Nutrition is the vitality of life and we, as humans acknowledge the fact that without the proper intake of nutrients on a daily basis our bodies will fail and disease would ultimately follow. Although there is no food pyramid chart for pets, this same concept holds true.

The difficulty is that, as dog owners we can only assume and perhaps hope that we are feeding our dogs the right foods. See the below sections in order to find out more information on what we should or should not be feeding our dogs day in and day out.

As previously mentioned feeding dogs the right nutrition is paramount for their overall health and wellness. Without the proper nutrition, their health can certainly become compromised and their stamina can greatly become hampered. This isn’t something we would ever want to witness so creating and following a guide on their daily intake of vitamins, minerals, and other essential nutrients is very important.

Advising with the dog’s vet is surely a great approach however it should not be the only means. You really want to zero in on creating and tailoring an optimal diet plan for them. Some dogs can have an allergy to very basic foods which is why speaking with their vet should be the primary step. Secondly, check in with an associate at the local pet store and gather their advice.

The daily nutritional requirement from dog to dog can vary based on a number of factors. For instance, their age and weight should most certainly be taking into account, their activity levels, and their type of breed. The biggest disparity, nutrients wise appears to be between adult dogs and puppies however the one constant or staple are the macronutrients, especially fat and protein. A puppy in their growing stages requires much more protein and fat than an adult dog for instance. It is advised that puppies should receive approximately 20 grams of fat per day and about 55 grams of protein, and their overall caloric intake should be around 1000. Adult dogs require slightly less but the exact amounts depend on their activity levels.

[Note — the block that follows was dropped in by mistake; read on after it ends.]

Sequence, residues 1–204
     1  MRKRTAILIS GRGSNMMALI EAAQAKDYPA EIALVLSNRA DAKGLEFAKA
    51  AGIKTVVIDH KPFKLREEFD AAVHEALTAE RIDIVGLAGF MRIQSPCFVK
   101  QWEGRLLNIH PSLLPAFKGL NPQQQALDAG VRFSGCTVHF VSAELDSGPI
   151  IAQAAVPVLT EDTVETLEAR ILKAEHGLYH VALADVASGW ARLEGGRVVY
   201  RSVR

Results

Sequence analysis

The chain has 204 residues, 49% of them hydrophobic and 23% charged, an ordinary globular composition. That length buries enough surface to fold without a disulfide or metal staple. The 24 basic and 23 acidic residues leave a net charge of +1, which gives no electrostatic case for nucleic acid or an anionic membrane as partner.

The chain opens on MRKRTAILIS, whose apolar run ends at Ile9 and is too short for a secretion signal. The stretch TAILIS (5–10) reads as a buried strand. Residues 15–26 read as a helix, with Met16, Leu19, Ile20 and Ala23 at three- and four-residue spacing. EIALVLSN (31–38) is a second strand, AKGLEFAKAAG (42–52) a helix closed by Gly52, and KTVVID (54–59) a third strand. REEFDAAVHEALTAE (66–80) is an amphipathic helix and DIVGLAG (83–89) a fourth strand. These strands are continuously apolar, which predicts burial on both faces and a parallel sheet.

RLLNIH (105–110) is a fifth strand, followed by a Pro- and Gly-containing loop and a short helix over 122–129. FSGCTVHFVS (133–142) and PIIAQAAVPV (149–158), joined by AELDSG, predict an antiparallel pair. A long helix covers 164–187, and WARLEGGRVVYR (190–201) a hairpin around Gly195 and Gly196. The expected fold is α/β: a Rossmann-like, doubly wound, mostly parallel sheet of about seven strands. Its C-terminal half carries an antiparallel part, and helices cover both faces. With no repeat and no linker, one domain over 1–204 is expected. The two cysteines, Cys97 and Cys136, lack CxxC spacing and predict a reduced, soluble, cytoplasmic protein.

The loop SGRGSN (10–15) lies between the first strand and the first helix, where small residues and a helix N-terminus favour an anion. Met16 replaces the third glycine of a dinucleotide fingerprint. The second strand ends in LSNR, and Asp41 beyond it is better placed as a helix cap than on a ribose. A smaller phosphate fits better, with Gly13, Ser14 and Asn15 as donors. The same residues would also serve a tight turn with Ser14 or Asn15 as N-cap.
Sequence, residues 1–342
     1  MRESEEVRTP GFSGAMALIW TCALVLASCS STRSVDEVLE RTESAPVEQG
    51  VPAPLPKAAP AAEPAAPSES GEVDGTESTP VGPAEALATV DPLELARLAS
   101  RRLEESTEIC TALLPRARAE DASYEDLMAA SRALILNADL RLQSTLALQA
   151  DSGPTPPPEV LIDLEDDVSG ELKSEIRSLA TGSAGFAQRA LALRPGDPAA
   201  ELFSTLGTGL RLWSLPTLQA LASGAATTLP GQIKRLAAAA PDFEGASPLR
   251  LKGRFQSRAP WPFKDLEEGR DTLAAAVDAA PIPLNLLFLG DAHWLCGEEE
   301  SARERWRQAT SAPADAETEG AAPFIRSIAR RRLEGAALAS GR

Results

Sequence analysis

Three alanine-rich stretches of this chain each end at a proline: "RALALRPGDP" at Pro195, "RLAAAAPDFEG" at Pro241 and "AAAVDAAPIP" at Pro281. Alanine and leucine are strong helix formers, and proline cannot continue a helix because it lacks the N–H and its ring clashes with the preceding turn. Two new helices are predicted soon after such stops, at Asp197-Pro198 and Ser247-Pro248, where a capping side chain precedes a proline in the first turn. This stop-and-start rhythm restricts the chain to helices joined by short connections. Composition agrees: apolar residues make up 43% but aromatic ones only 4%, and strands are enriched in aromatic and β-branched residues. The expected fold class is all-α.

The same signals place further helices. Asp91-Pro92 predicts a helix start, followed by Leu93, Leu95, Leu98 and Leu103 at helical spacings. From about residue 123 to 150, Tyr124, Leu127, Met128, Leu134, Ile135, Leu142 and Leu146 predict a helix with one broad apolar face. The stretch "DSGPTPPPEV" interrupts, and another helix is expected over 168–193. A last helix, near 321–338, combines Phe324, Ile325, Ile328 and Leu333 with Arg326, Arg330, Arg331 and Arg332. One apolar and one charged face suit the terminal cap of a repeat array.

Once a dog reaches say 9 years old, they are considered elderly and thus the diet plans should be monitored very carefully. For example, elderly dogs tend to have kidney problems which would then require you to decrease their phosphorous intake. Obesity and constipation also become prevalent which is why you would have to reduce their caloric intake. But again this also does depends on how active they are.

As we have just touch on in the previous section, protein and fat are the two musts for any dog. These nutrients, along with a good amount of fiber help support muscle growth and good organ health, in addition to increased energy. And with regards to the vitamins and minerals that humans ingest on a daily basis, the effects on dogs is essentially very similar.

For example, Calcium helps to support strong bone density while Vitamin K helps with the blood clotting. The amounts that dogs need to ingest on a daily basis are as follows: Calcium: .75g, Iron: 7.5 mg, Potassium: 1g, Sodium: 100mg, and Zinc: 15mg. These are just some of the basics as the entire chart can easily be sourced online or viewed at a pet store. Also note that these numbers are based on a 30 lb. average, healthy dog. Lastly, whatever you decide for daily nutritional requirements for dogs, be sure that you aren’t the sole decision maker. Speaking with a vet and a representative at a pet store would ultimately prove to be the most conscious decision.



Source by Rodney Blow